The area of conflict frame research has received increased attention in the past ten years. A search with Google Scholar using 'conflict frame' as a key phrase within the social sciences and between the years 1985-1995 yielded 7,910 results, whereas the same search between the years 1995-2005 yielded 44,900 results (Google Scholar search, October 2005). Along with the increase in attention, the use of the concept has significantly widened. Across this time, the notion of conflict frames has been conceptualised, operationalised and measured in a variety of different ways. This notion has been adopted by economic rationalists, behavioural decision researchers, social psychologists, and communication researchers to further our understanding of conflict-related behaviours and dispute settlement. Ultimately, this trend has served to complicate cross-research comparisons.
The current study conceived of conflict frames as cognitive structures or perceptions that were categorised once they were revealed through ongoing negotiator communication. In conceptualising frames and the measurement of frames in this way, several different approaches to framing and frame characterisations were invoked and selectively combined. Whereas some researchers have measured frame types according to the overarching themes within negotiation (e.g., Ury et al., 1988], other scholars have adopted more fine-grained approaches and analysed the individual utterances of each negotiator (e.g., Drake & Donohue, 1996; Brett et al., 1998). Still other researchers have assessed segments of negotiation and identified multiple layers or levels of abstraction within the communication (e.g., the discourse analytic approach of Donnellon & Gray, 1989). Each researcher in the field of conflict frame analysis has developed or adopted frame characterisations and applied these frameworks using widely varying measurement approaches. Selecting one approach to measurement amongst many, adopting an inclusive set of frame types from previous research, and then exploring the relatively uncharted territory of frame convergence and divergence complicated the process of developing predictions.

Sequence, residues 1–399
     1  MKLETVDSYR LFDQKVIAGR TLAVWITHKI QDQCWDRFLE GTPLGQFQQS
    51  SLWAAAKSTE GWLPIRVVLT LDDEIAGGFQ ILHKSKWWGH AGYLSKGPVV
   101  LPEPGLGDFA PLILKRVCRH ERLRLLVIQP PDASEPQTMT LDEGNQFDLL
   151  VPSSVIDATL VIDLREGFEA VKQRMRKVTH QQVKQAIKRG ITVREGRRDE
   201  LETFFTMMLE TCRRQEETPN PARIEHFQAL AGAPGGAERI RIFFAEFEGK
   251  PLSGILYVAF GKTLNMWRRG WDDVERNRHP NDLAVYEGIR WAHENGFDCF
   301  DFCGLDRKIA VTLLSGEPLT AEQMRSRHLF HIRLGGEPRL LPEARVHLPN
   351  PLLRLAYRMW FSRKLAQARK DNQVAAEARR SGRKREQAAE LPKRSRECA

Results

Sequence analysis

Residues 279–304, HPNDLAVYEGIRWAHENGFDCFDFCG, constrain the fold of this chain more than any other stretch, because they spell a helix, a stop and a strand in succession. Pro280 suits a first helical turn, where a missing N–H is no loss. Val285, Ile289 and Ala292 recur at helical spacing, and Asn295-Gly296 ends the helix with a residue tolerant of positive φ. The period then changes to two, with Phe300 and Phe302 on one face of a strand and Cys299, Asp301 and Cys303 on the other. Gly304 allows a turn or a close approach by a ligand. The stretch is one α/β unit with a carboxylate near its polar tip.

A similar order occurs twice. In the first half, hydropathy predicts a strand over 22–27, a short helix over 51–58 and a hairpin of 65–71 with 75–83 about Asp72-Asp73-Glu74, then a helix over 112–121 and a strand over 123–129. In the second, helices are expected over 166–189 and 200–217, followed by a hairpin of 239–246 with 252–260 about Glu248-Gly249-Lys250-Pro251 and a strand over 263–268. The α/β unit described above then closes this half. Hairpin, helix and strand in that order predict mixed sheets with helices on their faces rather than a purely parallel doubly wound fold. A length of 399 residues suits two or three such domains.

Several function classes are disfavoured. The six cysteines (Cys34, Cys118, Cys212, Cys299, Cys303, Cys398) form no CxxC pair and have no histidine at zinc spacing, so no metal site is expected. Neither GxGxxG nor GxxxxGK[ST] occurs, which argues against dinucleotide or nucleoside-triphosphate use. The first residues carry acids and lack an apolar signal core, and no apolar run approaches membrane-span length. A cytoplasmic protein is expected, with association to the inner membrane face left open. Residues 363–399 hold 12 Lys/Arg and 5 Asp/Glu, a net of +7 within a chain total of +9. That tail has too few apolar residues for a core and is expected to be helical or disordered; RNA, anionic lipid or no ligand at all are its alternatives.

Moreover, the frame typology developed for the current study largely drew upon conflict frame research that has explored the settlement of disputes (e.g., Donnellon & Gray, 1989; Pinkley & Northcraft, 1994; Wehr, 1979) rather than the settlement of more business-related issues. As researchers underscore, the processes involved in resolving personal disputes differs from the way that more business-oriented issues are resolved (Thompson, 1990). The frame typologies that were utilised in the current study were based upon the use of conflict frames in disputes where the relationship between parties was a key component of the dispute, such as in divorce mediations (Wehr, 1979) and in outstanding conflicts with known others (Pinkley & Northcraft, 1994). In short, the frame typology that was developed was largely based on frames that were derived from disputes that substantively differed from the negotiation task that was used in the current study: a transactive business-related negotiation.